One of the best stories I’ve heard about coaching is, strangely enough, a war story. In December 1944 during the Battle of the Bulge in Europe, the German army had smashed a huge hole in the Allied lines. To save the situation, elements of Patton’s Third Army made a rapid left turn and were working their way north to save the situation. The few roads that existed were icy and packed with tanks, trucks and marching men, and the going was slow. At one point, a young battalion commander named Creighton Abrams (yes, the one they later named a tank after) came upon a massive traffic jam caused by a tank that had slid into a ditch, and its inexperienced driver could not get it out.
Abrams jumped into the driver’s seat , jockeyed the gears to rock the tank back and forth and then at the right moment gunned the engine and the tank flew out of the ditch back on to the road. At that point, he asked the driver, “Now do you see how it’s done?” When the driver replied yes, Abrams backed the tank back into the ditch and said, “Good. Now you do it.” And promptly left.
If you’re a sales manager, you should keep this story in mind whenever you are tempted to rescue a sale for one of your reps. Naturally, under the press of making your number you want to do all you can, but you have to be careful to do it in such a way that you don’t sacrifice the long view for a short-term win. If Abrams, in the middle of one of the most important tasks in the biggest war in history, could still concern himself with whether his subordinates learned a valuable lesson, so can you.
It’s not easy. Like most sales managers, you probably got promoted into the position after being successful in sales. One of the qualities that made you successful is a problem-solving orientation. The customer has a problem, you try to solve it; the customer gives you an objection, you try to overcome it. When your sales rep gets into a jam, you solve it. The result is a win, but at what cost?
They’ll have the illusion of learning. Have you ever had someone show you how to do something that looks easy, and then struggled later when you tried to do it yourself? As an article in this week’s New York Times Science section suggests, people who are given answers overestimate the degree to which they have learned the material. Those who have to work to learn something new will have less confidence that they know it but will perform better on tests. It’s like being given the answer key before a test—you quickly forget that it was the answer key, not you, that was the deciding factor.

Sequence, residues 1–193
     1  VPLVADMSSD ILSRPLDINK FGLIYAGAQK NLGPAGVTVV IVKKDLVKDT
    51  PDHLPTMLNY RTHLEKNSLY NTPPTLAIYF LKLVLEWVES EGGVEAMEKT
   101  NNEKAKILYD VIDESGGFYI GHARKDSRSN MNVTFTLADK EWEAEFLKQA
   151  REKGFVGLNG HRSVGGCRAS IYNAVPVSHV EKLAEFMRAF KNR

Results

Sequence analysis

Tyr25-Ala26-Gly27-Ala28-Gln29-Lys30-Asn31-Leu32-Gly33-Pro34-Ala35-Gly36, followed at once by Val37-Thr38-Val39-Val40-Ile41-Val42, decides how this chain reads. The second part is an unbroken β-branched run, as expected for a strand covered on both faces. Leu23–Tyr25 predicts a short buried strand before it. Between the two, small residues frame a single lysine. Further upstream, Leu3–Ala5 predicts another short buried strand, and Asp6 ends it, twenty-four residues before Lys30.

They can become dependent on you. After a few times of realizing that it is not as easy as they thought, they’ll either start working harder or they will take the easy way out. Which do you think is more likely?
How do you make them work for it?
Use another technique that made you successful in selling: asking questions. Be Socratic—ask questions so that they can work out the solution for themselves. You may need to guide them a little, but it’s important for them to analyze their own situation and tell you the answers. There are several benefits to this:
If you’re a parent, you know how tough it can be to let your kids make their own mistakes, because that’s the only way they will learn. Parents and sales managers who always rescue their charges from the consequences of their mistakes raise dependent kids and salespeople, who don’t learn to think for themselves. Is it any wonder that your days are filled with too much work that others should be doing?